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The Devil’s PartySatanism in Modernity$
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Per Faxneld and Jesper Aa. Petersen

Print publication date: 2012

Print ISBN-13: 9780199779239

Published to Oxford Scholarship Online: January 2013

DOI: 10.1093/acprof:oso/9780199779239.001.0001

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Hidden Persuaders and Invisible Wars

Hidden Persuaders and Invisible Wars

Anton LaVey and Conspiracy Culture

Chapter:
(p.123) Chapter 6 Hidden Persuaders and Invisible Wars
Source:
The Devil’s Party
Author(s):

Asbjørn Dyrendal

Publisher:
Oxford University Press
DOI:10.1093/acprof:oso/9780199779239.003.0006

This chapter discusses a long neglected dimension of Anton LaVey's work, namely his ambiguous play with conspiracy theories. Through a close reading of two texts, two major strands of conspiracy thinking is isolated in LaVey's Satanism. On the one hand is the straightforward incorporation of conspiracies and conspiratorial agents as a negative Other or positive exemplar. On the other hand is an ambiguous postmodern duplicity concurrent with LaVey's insistence on a “third side” or “satanic alternative” to traditional dichotomies. The former is found in his early writings as well as later texts such as “The Invisible War”; this is reminiscent of the agency panic prevalent in conspiracy culture broadly conceived. The latter is visible in “Insane Ramblings” and illustrates that LaVey should be read carefully and understood with tongue firmly in cheek. In both cases LaVey's focus in on the individual, using conspiracy as a resource for developing a satanic anthropology.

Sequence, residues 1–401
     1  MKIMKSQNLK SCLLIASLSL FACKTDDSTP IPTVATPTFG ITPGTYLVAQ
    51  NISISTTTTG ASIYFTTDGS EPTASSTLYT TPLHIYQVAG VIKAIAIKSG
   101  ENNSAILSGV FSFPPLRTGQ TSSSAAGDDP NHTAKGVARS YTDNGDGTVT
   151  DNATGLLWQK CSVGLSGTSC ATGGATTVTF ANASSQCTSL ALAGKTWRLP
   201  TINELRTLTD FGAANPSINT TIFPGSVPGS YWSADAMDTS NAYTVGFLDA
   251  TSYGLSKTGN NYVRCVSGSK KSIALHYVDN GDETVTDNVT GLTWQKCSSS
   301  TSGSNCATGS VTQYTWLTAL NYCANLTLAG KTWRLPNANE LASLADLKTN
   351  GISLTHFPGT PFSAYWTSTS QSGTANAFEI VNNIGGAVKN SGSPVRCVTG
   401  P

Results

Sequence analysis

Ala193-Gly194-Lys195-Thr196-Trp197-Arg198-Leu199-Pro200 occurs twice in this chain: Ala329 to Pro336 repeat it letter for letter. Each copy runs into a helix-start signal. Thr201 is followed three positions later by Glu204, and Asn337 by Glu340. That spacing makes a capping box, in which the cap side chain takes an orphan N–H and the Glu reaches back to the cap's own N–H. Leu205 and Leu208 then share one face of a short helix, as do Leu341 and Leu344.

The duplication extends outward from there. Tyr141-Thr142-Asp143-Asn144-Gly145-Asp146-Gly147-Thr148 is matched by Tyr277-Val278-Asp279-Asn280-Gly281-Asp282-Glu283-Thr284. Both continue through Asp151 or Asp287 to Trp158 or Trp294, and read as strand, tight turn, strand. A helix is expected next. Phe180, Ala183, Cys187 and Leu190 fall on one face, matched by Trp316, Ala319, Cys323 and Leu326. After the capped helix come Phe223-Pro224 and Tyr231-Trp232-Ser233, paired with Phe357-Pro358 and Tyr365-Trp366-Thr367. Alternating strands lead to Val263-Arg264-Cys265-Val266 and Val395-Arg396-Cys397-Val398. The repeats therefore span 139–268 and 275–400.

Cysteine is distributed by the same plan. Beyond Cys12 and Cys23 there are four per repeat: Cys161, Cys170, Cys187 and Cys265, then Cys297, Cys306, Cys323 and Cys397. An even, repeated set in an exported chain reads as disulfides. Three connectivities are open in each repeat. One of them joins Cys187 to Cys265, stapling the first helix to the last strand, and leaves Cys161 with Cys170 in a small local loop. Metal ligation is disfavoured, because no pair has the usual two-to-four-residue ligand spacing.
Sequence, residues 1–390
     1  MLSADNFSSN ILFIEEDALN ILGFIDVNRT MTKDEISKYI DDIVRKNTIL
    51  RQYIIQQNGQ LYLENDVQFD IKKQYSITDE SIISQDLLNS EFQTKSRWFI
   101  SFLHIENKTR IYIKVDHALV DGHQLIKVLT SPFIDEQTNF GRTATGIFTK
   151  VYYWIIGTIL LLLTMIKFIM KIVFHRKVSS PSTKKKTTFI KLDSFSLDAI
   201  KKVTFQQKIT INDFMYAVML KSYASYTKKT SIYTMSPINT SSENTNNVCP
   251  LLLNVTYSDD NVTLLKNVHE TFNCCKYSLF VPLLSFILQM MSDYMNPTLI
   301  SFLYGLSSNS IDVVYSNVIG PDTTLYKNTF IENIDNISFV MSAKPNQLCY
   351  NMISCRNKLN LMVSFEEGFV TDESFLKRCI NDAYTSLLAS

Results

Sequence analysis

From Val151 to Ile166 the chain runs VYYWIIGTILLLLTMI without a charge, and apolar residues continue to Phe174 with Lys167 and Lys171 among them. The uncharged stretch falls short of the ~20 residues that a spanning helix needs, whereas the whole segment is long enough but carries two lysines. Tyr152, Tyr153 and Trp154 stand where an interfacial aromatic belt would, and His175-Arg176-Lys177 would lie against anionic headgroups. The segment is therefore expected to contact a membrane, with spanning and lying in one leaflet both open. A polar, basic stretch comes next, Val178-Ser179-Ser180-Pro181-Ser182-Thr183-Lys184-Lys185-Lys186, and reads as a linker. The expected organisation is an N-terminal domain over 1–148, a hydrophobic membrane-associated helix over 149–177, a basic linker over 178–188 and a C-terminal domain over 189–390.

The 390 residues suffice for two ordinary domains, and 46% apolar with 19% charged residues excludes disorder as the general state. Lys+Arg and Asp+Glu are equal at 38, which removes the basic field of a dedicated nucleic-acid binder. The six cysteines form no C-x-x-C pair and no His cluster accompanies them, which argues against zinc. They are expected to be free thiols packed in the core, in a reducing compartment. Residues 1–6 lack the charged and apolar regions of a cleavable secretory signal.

Keywords:   Satanism, Church of Satan, Anton LaVey, conspiracy culture, agency panic, Invisible War, the third side

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